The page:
Thoughts and Reflections on Part four : Still life

Still life is a genre I always ran away from, be it during design studies at college or photography per se. I found it very boring and unexciting. Being confronted with something that is out of your comfort zone is not easy for the most of us but when you come face to face with it, when there is no way out but to look at it, read and study about it, experiment with it, it is quite fascinating to see and understand the thought process and workings behind it.

Foundations Photography has challenged and changed many mindsets like this and the same holds true for me. Many things that I never thought I will attempt, let alone love it, holds true as I begin Part IV – Still life, a genre I dread. My journey through Foundations so far has been full of surprises, great learning and evolution for me as a photographer. I have thoroughly enjoyed researching and learning about photographers, their styles of working and experimenting with new techniques and different genres. As I stand on the threshold of yet another new genre, I am excited again as it will be yet another new learning path to gain knowledge and experience in a new field.

The initial introduction asks us to explore the works of Peter Fischli and David Weiss’s Quiet Afternoon series and have a look at their amusing video ‘The Way Things Go’ on. We are also asked to look at Peter Fraser’s close shots of found phenomena.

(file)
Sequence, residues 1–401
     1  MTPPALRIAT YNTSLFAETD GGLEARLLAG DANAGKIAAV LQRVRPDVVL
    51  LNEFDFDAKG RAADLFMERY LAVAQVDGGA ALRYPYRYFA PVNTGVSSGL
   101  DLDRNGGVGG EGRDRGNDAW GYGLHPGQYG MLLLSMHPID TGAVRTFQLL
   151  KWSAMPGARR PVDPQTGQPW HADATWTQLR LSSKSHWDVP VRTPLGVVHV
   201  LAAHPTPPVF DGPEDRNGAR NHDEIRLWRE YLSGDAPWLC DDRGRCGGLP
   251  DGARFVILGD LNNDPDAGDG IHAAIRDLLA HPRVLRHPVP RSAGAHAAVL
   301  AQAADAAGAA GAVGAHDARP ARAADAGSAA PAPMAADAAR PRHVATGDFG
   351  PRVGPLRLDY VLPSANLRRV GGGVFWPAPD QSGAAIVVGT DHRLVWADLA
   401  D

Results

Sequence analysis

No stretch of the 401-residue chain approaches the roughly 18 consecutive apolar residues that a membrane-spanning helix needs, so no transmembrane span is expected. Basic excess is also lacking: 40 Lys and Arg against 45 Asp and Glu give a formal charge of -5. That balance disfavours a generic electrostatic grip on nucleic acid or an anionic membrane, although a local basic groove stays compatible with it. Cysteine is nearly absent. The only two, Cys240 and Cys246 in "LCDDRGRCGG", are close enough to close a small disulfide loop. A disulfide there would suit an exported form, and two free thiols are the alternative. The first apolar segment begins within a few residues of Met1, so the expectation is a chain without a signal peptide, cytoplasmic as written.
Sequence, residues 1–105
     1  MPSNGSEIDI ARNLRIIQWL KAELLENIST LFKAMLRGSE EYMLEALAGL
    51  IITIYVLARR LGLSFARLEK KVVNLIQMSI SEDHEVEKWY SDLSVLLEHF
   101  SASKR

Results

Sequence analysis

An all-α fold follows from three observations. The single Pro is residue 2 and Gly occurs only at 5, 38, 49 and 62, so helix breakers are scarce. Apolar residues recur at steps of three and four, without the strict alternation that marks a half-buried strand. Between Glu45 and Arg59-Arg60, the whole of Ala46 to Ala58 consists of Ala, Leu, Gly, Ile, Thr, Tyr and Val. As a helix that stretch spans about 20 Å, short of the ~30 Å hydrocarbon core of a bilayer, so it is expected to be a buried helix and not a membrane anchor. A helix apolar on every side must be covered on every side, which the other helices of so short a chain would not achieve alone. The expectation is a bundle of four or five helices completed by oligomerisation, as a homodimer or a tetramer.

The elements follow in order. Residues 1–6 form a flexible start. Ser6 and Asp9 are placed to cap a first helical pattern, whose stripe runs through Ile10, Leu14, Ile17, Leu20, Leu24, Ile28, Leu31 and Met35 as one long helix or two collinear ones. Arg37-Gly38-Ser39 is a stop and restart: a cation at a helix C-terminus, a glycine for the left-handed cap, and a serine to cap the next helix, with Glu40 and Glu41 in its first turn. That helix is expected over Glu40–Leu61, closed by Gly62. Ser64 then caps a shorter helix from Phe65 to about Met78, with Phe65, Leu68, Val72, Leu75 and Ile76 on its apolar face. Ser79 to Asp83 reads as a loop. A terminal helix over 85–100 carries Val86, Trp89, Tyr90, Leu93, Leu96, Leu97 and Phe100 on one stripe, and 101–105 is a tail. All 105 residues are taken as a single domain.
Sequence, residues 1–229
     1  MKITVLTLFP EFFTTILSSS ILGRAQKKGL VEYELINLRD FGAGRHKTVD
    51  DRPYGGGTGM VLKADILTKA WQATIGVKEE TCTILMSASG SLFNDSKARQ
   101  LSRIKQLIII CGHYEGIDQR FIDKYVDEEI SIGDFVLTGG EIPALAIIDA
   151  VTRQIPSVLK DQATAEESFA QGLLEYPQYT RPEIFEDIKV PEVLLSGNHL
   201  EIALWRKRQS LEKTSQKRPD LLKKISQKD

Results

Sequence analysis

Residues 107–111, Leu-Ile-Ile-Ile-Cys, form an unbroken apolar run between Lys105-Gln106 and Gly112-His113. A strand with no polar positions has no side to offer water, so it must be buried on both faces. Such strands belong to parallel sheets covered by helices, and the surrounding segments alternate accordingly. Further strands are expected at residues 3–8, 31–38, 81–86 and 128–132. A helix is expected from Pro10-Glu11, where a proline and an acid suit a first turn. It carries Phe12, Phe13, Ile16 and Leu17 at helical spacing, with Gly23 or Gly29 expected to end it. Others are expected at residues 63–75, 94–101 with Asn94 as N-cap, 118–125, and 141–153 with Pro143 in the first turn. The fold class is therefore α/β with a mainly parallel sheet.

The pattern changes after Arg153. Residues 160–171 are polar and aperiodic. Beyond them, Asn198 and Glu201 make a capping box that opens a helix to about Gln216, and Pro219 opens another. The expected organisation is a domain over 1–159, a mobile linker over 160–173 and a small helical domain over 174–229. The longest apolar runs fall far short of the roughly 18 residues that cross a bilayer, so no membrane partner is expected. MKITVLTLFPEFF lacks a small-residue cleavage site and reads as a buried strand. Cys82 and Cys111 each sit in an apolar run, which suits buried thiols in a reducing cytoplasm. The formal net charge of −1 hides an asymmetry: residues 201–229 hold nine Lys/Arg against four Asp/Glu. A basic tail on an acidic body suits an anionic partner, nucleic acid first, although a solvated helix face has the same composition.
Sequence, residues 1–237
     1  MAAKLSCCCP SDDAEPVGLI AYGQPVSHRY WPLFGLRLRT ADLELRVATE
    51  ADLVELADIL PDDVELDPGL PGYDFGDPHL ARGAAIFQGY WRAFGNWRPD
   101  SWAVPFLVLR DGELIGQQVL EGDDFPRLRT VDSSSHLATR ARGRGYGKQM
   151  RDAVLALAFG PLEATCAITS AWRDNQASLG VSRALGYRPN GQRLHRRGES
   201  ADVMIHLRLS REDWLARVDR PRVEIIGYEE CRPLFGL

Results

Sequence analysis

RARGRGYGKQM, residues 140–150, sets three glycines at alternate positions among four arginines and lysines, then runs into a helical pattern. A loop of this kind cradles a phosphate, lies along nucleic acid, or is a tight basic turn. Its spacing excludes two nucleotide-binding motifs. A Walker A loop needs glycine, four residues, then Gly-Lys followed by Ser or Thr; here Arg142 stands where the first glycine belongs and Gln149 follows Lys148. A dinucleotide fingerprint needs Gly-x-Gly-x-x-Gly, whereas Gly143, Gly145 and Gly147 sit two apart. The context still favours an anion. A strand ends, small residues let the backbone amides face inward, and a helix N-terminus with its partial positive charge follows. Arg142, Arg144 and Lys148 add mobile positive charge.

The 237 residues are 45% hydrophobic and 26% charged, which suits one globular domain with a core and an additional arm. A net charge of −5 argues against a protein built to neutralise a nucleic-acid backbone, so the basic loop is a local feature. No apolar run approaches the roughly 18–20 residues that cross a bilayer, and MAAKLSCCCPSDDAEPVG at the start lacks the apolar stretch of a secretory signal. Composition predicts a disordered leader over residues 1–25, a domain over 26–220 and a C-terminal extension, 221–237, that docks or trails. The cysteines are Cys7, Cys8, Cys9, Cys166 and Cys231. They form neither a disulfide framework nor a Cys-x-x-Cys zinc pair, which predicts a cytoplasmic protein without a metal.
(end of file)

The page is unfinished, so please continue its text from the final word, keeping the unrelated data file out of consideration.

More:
Going by the sequence of research as advised in the coursebook, I found the work of Peter Fischli and David Weiss quite amusing and light.  It reminded me of a lot of outdoor games that I used to play as a child, particularly one that required balancing of stones on top of one another and then hitting them with a ball. It was all about balancing the stones on top of one another as high as it would go without falling. Somehow their work which is according to them creativity coming out of boredom is so inspiring. Their work appears simple yet a great deal of experimentation and timing must have gone into it to work it to perfection till the end. It does appear that they had so much fun doing it and watching their video makes you chuckle. It’s like reliving your childhood and the whole feel of the work has a feel-good factor to it.

To find creativity in the mundane is challenging and inspiring at the same time and as I intend to move forward with this part of the coursework, I go forward with one thought – nothing is boring and the most unlikely of places or things will inspire you to create something extraordinary and unique. I also go forward with the conviction that this part of the coursework, as intimidating as the others appeared, will turn out fine just as the others did. With this confident mindset, I look forward to exploring and having fun with Still life. God help me 🙂

References:

  1. http://www.tate.org.uk/whats-on/tate-modern/exhibition/fischli-weiss/fischli-weiss-room-guide-room-1/fischli-weiss-1
  2. https://www.guggenheim.org/arts-curriculum/topic/wasted-time
  3. https://soundcloud.com/guggenheimmuseum/equilibres-a-quiet-afternoon-198486